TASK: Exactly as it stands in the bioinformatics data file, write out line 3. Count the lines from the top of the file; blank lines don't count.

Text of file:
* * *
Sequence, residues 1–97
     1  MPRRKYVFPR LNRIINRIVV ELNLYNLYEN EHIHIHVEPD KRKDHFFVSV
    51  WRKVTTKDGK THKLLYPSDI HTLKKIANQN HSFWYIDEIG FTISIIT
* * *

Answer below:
    51  WRKVTTKDGK THKLLYPSDI HTLKKIANQN HSFWYIDEIG FTISIIT